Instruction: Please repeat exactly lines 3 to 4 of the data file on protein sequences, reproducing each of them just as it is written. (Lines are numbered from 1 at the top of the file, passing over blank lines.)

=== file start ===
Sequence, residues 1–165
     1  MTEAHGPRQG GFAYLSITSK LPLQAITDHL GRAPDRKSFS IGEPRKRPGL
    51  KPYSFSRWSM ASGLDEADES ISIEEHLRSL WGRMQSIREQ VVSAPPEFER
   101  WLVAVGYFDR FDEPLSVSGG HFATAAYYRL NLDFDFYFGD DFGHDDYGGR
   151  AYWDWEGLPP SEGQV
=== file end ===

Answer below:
    51  KPYSFSRWSM ASGLDEADES ISIEEHLRSL WGRMQSIREQ VVSAPPEFER
   101  WLVAVGYFDR FDEPLSVSGG HFATAAYYRL NLDFDFYFGD DFGHDDYGGR